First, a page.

Birthday Reviews: Yves Meynard’s “Tobacco Words”

Birthday Reviews: Yves Meynard’s “Tobacco Words”

Cover by Kelly Faltermayer
Cover by Kelly Faltermayer

Yves Meynard was born on June 13, 1964.

Meynard’s novel The Book of Knights was nominated for the Mythopoeic Award and his anthology Tesseracts5, co-edited with Robert Runté, was nominated for the Aurora Award. He won the Aurora Award for his novellas “L’Enfant des mondes assoupis,” “La Marveiolleuse machine de Johann Havel,” “L’Envoyé,” “Équinoxe,” and “Une letter de ma mère.” He won the Aurora for best book for La Rose du desert. In 1994, he won the Quebec Grand Prize for Science Fiction and Fantasy. He served as the literary director for Solaris from 1994 until 2002. He has collaborated with Élisabeth Vonarburg and Jean-Louis Trudel, occasionally using the pseudonym Laurent McAllister for the latter collaborations.

“Tobacco Words” was originally published by Algis Budrys in Tomorrow Speculative Fiction #19 in February 1996.  David G. Hartwell selected the story for inclusion in Year’s Best SF 2 the following year and in 1998 the story was translated into Italian by Annarita Guernieri as “parole di fumo” when Hartwell’s anthology was published by Arnoldo Mondadori Editore.

Yves Meynard’s “Tobacco Words” is set on a space station with a strange culture.  The story focuses on Caspar, a twelve year old boy who can’t speak, and his sister, Flikka, who hears the sins of those who travel between the stars. In this world, their sins can have deadly affects if not confessed and absolved, although Meynard never offers any explanation for the phenomenon.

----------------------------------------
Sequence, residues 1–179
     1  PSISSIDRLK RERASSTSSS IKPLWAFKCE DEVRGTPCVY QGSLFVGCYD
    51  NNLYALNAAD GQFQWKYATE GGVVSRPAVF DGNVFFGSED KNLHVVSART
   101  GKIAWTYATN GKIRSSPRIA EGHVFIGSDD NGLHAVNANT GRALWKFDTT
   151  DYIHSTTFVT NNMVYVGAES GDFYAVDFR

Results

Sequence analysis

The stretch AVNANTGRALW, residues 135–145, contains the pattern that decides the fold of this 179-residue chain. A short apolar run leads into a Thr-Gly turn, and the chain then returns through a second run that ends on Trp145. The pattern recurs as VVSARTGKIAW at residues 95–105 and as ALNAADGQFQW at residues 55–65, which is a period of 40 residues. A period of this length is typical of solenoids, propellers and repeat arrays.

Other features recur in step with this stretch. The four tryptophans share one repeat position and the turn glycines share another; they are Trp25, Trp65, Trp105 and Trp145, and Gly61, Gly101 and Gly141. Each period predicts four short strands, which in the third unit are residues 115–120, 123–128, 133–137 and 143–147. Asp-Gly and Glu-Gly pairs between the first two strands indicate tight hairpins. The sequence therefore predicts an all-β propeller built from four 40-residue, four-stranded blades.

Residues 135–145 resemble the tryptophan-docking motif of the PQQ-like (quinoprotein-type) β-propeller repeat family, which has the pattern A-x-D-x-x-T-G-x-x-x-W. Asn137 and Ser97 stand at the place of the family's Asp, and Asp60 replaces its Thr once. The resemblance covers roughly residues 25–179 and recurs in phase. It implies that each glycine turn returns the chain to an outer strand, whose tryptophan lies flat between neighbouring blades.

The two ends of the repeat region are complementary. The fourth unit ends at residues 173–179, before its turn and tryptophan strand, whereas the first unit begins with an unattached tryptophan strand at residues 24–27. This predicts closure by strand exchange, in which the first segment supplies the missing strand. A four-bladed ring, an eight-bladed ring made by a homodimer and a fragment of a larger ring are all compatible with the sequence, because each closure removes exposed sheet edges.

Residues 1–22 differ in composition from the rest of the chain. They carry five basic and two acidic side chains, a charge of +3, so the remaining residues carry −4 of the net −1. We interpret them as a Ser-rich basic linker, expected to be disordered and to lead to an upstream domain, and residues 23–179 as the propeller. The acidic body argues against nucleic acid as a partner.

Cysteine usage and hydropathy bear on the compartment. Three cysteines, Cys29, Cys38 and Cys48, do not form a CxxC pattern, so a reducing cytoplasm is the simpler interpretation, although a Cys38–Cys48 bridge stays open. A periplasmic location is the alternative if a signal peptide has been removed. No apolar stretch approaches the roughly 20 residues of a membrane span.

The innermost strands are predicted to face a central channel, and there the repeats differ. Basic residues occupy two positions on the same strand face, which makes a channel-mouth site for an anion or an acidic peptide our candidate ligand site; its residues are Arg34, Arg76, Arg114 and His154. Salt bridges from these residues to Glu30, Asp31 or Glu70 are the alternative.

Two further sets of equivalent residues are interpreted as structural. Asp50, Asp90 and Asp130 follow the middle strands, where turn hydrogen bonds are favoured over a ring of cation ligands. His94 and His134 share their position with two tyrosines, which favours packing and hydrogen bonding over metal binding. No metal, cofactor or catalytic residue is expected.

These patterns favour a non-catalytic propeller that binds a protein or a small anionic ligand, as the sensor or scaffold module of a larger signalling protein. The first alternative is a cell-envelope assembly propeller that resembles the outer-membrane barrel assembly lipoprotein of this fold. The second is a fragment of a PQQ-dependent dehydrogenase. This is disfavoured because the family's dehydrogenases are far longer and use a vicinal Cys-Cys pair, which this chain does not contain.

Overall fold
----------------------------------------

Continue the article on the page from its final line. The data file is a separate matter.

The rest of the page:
Meynard fills the story with details of three characters: the grandmother who is traveling through the universe at relativistic speeds, and whose life is broadcast to their home in slow motion; Aurinn, a first timer who doesn’t believe she has any sins, but when she confesses and is absolved winds up hospitalized; and an alien, whose sins are more human than those found in humans.

While the individual pieces that make up the story are interesting, without a more coherent link, they don’t coalesce into a whole. Meynard introduces some potentially interesting characters, but the world, the story, and those characters need to be fleshed out more to begin to mean anything.

Reviewed in its original publication in the magazine Tomorrow Speculative Fiction #19, edited by Algis Budrys, February 1996.

Steven H Silver-largeSteven H Silver is a sixteen-time Hugo Award nominee and was the publisher of the Hugo-nominated fanzine Argentus as well as the editor and publisher of ISFiC Press for 8 years. He has also edited books for DAW and NESFA Press. He began publishing short fiction in 2008 and his most recently published story is “Doing Business at Hodputt’s Emporium” in Galaxy’s Edge. Steven has chaired the first Midwest Construction, Windycon three times, and the SFWA Nebula Conference 6 times, as well as serving as the Event Coordinator for SFWA. He was programming chair for Chicon 2000 and Vice Chair of Chicon 7. He has been the news editor for SF Site since 2002.

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